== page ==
The Short Films of Maude Michaud [Women in Horror Month 2019]

Maude Michaud is a filmmaker from Montreal who has an affinity for the dark side and horror films. See our interview with Maude and previous reviews of her work “At the Door,” and “Frankenstein Unlimited,” to see some of the other things she has going.

Maude’s films are all fascinating to watch as they give insight into the mind of a creative woman with a dark twist to her endeavors. Here are short takes on some of her short films.

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Narrative Shorts Block 3 [Slamdance Film Festival 2019]

Blast Beat (2018)
“Blast Beat” doesn’t have much of a premise; it’s merely a slice of life for a black metal band. When a guitarist (Alexandre Dostie) auditions for a black metal band, he has a hard time convincing the lead singer that he can play with and for the band. When she (Corinne Cardinal) decides to try out his vocal abilities, he doesn’t quite seem to be up for the task. “Blast Beat” does have a few funny beats in its four minute run time, including the unusual ability of singers to be able to switch from beautiful opera to loud booming howls for their audience. Pascal Plante’s short is a fascinating and comical look at a skill many underestimate.

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Slamdance Narrative Shorts Block 2 [Slamdance Film Festival 2019]

Akeda (The Binding) (2018)
Dan Bronfeld’s drama is a disturbing but fascinating bit of meta-fiction that examines the real life brutality of war and loss of innocence. Bronfeld stages the film initially like an actual confrontation between American soldiers and an Israeli family. When the surviving son of the family emerges from his spot we learn he’s actually making a film. But is he? As we learn more and more about the filmmakers and their inherent tribalism, what we think we’re seeing doesn’t quite seem as absolute anymore. We’re left to wonder if he’s making a movie, or if he’s merely lying to himself to shield from the horrors of the war and violence that’s unfolding all around him. “Akeda” makes a strong statement about the brutality and sensationalism of war, and it’s a gem of a drama.

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Shorts Round Up for the Week (12/1/18)

Most of the time we get such a backlog of short films and feature length indie films that we work hard to take them all on and review them before the year is up. In what we hope will become a new feature, “Shorts Round Up of the Week” is a column where we’ll be reviewing a round up of short films of varying quality.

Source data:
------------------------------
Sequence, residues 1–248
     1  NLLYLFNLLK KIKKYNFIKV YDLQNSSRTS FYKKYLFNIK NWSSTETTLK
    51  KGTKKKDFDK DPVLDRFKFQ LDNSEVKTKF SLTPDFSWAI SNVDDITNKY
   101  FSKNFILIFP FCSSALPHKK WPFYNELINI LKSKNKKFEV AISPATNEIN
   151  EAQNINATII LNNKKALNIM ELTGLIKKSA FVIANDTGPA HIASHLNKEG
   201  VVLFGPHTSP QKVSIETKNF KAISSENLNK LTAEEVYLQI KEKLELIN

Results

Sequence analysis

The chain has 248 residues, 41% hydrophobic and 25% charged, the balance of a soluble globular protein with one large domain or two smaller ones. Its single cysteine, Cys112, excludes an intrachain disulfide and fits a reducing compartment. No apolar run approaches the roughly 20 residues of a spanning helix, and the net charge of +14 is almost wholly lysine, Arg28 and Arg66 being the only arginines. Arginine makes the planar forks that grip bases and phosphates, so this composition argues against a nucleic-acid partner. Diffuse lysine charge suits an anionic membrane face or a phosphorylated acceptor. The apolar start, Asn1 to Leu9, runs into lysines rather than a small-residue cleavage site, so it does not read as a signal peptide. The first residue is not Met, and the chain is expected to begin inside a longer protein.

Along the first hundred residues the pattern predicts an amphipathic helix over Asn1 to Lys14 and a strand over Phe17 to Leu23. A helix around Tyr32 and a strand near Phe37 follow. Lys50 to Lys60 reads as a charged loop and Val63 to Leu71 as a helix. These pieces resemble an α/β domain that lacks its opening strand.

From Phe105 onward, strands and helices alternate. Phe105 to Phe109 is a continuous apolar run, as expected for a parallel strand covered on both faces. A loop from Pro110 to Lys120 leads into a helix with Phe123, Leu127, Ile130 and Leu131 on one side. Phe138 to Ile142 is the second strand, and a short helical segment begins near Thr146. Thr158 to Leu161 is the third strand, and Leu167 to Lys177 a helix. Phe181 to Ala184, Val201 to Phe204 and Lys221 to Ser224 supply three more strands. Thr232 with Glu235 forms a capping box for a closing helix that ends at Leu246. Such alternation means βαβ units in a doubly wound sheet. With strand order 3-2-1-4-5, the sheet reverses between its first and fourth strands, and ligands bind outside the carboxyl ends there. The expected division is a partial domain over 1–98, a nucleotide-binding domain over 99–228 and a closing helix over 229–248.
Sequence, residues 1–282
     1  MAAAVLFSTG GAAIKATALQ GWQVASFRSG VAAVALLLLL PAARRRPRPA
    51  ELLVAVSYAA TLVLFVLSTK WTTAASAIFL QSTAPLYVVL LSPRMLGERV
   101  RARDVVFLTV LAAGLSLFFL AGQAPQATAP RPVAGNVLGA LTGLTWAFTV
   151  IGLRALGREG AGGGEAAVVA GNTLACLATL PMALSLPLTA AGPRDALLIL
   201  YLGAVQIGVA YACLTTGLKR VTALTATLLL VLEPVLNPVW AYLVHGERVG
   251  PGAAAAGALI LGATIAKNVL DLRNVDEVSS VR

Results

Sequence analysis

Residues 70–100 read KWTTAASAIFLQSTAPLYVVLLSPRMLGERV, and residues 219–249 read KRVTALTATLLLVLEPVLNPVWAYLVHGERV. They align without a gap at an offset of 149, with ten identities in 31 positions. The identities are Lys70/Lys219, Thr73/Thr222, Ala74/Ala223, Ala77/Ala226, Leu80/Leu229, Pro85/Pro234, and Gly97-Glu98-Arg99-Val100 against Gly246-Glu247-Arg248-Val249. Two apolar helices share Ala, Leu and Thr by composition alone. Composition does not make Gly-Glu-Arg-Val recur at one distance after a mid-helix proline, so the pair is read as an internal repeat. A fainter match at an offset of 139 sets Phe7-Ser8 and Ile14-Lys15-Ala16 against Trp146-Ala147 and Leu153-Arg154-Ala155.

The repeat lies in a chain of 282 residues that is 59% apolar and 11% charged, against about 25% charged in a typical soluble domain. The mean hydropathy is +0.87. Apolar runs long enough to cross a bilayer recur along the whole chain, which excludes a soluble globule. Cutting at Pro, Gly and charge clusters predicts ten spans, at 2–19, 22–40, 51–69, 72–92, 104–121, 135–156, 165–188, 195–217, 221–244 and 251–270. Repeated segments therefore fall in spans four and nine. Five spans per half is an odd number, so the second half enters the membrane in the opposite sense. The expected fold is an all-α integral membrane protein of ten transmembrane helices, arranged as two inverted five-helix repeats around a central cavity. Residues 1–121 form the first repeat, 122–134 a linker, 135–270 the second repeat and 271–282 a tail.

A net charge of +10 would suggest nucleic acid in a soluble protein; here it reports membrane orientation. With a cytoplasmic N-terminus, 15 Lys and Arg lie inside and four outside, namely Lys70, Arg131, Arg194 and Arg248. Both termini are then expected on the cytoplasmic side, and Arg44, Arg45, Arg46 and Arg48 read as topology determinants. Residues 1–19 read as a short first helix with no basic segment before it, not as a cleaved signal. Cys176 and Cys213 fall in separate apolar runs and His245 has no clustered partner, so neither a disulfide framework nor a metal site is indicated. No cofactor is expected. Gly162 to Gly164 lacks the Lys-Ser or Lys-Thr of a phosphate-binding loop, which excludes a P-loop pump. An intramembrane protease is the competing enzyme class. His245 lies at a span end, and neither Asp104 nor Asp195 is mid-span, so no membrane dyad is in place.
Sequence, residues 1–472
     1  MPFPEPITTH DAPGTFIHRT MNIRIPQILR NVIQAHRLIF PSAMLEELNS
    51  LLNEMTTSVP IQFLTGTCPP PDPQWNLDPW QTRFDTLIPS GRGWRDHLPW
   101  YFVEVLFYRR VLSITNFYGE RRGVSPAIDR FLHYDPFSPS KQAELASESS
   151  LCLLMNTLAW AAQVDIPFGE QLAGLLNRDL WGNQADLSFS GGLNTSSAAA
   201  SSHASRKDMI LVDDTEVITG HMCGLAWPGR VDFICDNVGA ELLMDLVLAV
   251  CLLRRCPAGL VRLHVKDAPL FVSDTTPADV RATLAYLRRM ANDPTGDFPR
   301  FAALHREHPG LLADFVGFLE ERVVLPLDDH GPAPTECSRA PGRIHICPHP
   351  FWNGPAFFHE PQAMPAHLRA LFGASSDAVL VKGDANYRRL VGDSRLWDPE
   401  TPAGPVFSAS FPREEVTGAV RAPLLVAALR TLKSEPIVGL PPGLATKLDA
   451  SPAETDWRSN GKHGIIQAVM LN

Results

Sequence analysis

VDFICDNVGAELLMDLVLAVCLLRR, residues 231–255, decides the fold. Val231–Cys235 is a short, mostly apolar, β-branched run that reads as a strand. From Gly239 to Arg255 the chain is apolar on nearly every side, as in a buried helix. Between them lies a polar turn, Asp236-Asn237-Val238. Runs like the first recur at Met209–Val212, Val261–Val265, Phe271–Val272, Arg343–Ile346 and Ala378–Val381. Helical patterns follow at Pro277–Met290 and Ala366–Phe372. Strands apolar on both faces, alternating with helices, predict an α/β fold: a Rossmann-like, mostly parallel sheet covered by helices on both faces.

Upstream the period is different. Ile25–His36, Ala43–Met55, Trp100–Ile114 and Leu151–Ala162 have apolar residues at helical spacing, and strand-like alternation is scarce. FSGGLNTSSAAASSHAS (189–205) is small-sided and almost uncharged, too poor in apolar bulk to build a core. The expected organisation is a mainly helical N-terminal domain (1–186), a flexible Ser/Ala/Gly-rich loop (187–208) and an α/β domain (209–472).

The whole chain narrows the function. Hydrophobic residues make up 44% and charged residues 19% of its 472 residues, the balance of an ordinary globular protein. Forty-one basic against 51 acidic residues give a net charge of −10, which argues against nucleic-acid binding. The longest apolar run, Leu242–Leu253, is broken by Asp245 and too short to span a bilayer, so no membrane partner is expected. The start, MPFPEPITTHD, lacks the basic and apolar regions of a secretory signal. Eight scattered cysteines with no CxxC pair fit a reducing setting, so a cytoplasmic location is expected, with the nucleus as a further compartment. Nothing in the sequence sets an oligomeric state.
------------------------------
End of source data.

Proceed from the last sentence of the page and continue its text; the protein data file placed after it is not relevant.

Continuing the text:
If you’d like to submit your short film for review consideration, submissions are always opened to filmmakers and producers.

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The 20th Annual Animation Show of Shows (2018)

Opens at Laemmle Theaters in Los Angeles on December 14th, and at the Quad Cinema in New York City on December 28th. Learn More Here.

Since 1998, “The Animation Show of Shows” has been a small program line up that selects the best in animated short films from all around the world. It’s presented new and innovative short films to animation aficionados at animation studios and schools, as well as theaters in the US and around the world since 2015. 38 shorts since, went on to become Oscar contenders with 11 winning the Oscar. This year, “The Animation Show of Shows” is not bereft of diversity and bold new voices, and it’s all in all a riveting experience, with eyes on personal statements and meaningful ideas.

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Shorts Round Up of the Week (11/9/2018)

Most of the time we get such a backlog of short films and feature length indie films that we work hard to take them all on and review them before the year is up. In what we hope will become a new feature, “Shorts Round Up of the Week” is a column where we’ll be reviewing a round up of short films of varying quality.

If you’d like to submit your short film for review consideration, submissions are always opened to filmmakers and producers.

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A Selection of the Shorts from Stranger With My Face 2017 [Stranger With My Face International Film Festival 2017]

Stanger With My Face International Film Festival is a festival that concentrates on female-make film, with a definite penchant to horror and life explorations.  Each edition brings current films and issues as well as older films and a bunch of shorts to their audience while also pushing them to think about some of the issues women face in life as well as in moviemaking.

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Iridescence (2017)

Director Max Beauchamp’s “Iridescence” is an excellent short film and one that we desperately need these days. Conveyed through motion, body language, and dance, “Iridescence” is the story of one family torn apart and destroyed by ignorance and misunderstanding. Relying on ace editing by Duy N. Bui and fantastic choreography, director Beauchamp tells the story of the tragic death of a wife at the hands of her husband one fateful night. Years later their son grows up confused about his own sexuality and is struggling to hide his affair with another man from his violent father.

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